The rental market has changed dramatically over the 12 years that I've been a Mortgage Broker and as ever, there are a bunch of resourceful people out there finding the best ways to provide a good home and get a good return for their property investment.
When I started out, renting weekly was the only way that you'd generally receive income from your rental property. But now we're seeing lots of changes and the main ones are people moving to Airbnb or Renting by the room to maximise their return. But there are some pitfalls of this when it comes to bank funding.
In this blog we discuss the mortgage for your Airbnb property - If you'd like to read more about "renting by the room" then click this link
It's not hard to see the attraction for renting a property on Airbnb rather than as a weekly rental. Sure, there is some more work and you'll need to provide furnishings etc but when the rent for one night can be nearly as much as renting the house out for a whole week then it is hard to argue with!
We've decided to rent one of our properties out on Airbnb so if you'd like to discuss some of the pros and cons first hand. I'd be happy to talk you through our experience.
For us it was a no brainer... a house very close to the centre of Cambridge. It has no garage and the third bedroom is more of a sunroom. The laundry is detached and although a reasonable sized house the kitchen is small. Lots of downsides for a long term rental but they are not at all problems when you're renting a house by the night.
So what are the pitfalls from a lending perspective?
It's hard to nail down just how much you're making in Airbnb income if you're only starting out. If you're getting $250/night that's all good and well but how many nights a year will you rent? What will your costs be?
If you've been renting on Airbnb for more than a year then the bank will happily use the income you've received via Airbnb if you can prove this via a set of financial accounts prepared by an accountant. They will take in to consideration the gross income and any expenses incurred, then use the profit toward your debt servicing requirements.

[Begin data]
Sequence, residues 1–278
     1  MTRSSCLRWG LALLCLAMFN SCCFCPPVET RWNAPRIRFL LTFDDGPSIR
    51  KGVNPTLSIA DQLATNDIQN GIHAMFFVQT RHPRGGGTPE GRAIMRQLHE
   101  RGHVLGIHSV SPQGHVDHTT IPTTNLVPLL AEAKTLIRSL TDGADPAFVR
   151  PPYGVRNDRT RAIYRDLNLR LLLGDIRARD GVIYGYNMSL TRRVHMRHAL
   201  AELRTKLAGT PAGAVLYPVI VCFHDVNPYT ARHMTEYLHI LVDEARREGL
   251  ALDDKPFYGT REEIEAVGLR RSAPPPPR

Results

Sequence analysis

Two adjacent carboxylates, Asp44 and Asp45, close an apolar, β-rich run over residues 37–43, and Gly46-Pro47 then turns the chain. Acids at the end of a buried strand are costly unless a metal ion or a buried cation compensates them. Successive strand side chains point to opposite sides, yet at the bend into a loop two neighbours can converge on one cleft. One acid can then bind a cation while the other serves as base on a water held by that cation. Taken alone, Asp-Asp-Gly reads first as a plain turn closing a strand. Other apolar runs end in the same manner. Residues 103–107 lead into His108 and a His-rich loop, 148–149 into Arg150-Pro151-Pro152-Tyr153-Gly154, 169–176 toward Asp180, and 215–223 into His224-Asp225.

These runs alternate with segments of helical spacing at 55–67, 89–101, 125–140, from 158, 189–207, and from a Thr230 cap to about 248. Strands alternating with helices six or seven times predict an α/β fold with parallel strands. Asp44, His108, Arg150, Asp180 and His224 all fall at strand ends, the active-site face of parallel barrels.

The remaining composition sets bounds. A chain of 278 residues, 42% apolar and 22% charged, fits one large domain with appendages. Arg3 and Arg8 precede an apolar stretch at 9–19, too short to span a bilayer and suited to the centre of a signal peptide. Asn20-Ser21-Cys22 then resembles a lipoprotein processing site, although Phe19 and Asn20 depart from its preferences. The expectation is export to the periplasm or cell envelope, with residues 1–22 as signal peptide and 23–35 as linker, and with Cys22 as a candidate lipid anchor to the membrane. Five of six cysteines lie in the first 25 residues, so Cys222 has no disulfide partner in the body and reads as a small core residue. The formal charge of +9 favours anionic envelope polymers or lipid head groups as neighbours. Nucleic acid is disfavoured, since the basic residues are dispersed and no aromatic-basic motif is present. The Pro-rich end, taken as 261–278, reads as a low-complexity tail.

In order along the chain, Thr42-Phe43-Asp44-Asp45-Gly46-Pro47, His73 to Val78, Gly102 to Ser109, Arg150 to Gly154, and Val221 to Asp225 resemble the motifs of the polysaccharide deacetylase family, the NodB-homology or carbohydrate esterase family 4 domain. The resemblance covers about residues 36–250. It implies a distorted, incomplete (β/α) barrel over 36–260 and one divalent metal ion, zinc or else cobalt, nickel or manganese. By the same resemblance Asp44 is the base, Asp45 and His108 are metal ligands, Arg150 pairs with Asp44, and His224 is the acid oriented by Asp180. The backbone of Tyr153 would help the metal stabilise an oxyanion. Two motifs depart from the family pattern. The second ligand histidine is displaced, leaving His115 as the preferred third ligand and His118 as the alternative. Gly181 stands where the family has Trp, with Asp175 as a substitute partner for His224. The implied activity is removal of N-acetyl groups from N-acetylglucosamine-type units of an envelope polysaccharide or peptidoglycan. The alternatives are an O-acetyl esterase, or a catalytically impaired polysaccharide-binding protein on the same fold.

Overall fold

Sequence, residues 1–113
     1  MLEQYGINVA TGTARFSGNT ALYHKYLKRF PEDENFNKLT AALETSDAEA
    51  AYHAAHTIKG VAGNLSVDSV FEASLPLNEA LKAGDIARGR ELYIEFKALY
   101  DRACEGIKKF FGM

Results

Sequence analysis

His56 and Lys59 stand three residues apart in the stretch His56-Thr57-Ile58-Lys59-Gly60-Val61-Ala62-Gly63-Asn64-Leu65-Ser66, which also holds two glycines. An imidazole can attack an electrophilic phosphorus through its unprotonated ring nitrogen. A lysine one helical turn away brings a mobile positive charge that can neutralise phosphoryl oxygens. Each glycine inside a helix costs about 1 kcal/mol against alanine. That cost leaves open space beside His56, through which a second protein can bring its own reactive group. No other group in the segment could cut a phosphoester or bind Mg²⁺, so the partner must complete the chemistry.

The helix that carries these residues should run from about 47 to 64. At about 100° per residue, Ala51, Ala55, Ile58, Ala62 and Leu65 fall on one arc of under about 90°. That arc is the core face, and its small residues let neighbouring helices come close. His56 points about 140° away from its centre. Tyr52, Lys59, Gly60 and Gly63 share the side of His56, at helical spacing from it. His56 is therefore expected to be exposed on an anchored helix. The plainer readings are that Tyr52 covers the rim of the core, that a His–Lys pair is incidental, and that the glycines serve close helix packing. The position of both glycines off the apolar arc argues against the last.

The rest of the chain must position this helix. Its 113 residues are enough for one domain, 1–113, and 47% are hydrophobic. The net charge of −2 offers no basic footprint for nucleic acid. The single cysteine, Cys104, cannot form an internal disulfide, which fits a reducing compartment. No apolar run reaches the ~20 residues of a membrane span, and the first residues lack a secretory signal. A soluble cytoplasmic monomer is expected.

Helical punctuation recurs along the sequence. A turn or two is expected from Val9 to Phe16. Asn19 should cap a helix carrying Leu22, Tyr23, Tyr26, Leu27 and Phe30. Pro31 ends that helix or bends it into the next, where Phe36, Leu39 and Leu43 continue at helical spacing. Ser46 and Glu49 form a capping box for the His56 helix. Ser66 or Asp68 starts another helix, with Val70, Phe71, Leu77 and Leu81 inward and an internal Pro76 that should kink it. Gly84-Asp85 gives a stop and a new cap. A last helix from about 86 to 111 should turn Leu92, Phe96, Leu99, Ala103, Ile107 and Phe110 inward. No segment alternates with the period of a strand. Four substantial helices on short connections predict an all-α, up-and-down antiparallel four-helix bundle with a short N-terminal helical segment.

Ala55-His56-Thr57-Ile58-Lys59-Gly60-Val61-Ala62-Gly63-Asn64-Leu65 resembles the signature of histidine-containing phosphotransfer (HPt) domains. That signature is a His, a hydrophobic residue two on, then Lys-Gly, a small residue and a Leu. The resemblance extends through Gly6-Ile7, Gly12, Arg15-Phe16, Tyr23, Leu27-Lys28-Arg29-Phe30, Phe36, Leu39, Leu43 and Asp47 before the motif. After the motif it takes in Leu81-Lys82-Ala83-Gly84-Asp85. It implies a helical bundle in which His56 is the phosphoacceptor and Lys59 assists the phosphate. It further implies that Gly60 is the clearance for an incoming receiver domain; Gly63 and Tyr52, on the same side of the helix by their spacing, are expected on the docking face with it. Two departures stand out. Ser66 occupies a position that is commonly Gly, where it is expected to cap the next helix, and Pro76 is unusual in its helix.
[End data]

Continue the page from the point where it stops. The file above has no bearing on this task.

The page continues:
So what do you do if you're starting out and can't prove income over the course of a year?
The simple option here is to get a rental appraisal on the property as if it was going to be rented weekly. Obviously this would be less than you'll earn through Airbnb but it gives the banks a "fallback position" that they can rely on should you not continue on Airbnb or it doesn't go to plan.
I have got a mortgage for one individual based on projected Airbnb income but that person had a huge amount of stats to backup their projects and the bank scaled that income to only use two thirds of what they thought they would. Still, it was enough to make it work, where the weekly rental appraisal wasn't.
What if I'm renting out my holiday home on Airbnb?
As a general rule, lenders will not accept rental income on a property if it's not consistent. So once again if you've had that 12 months history and you can prove the profit you're making the bank would use that.
One thing to watch out for here though, is that beyond renting your bach out for a certain amount of days per year, you will be treated as if that property is a rental property. There are some tax implications (check with your accountant) but most of all the banks would then only lend up to 70% LVR on that property if they viewed it as a rental property. This may affect your ability to borrow for that purchase or future purchases.
What about renting out a room of my own home on Airbnb?
Once again it's a case of what you can prove. If it's a new thing then it's unlikely that a bank would consider any of that income. But if you've got 12 months worth of evidence to prove it then they will use that income.
Most banks will accept a letter from a boarder or flatmate confirming the rent they'll pay so this is another way to approach getting that extra bit of income from the spare space in your home.
In summary, there are definitely opportunities to think outside the box and make a better return on your investment but you should be doing your research and discuss with us how the specific property sits with your overall plans and portfolio from a lending perspective. If we can present a good loan application and meet the bank's requirements it can be the difference between success and failure.
We'd love to hear from you if you're thinking about an investment like this. Simply click the "contact us" tab at the top of the page or email firstname.lastname@example.org
We look forward to talking to you soon
Adam, Claire and the My Mortgage team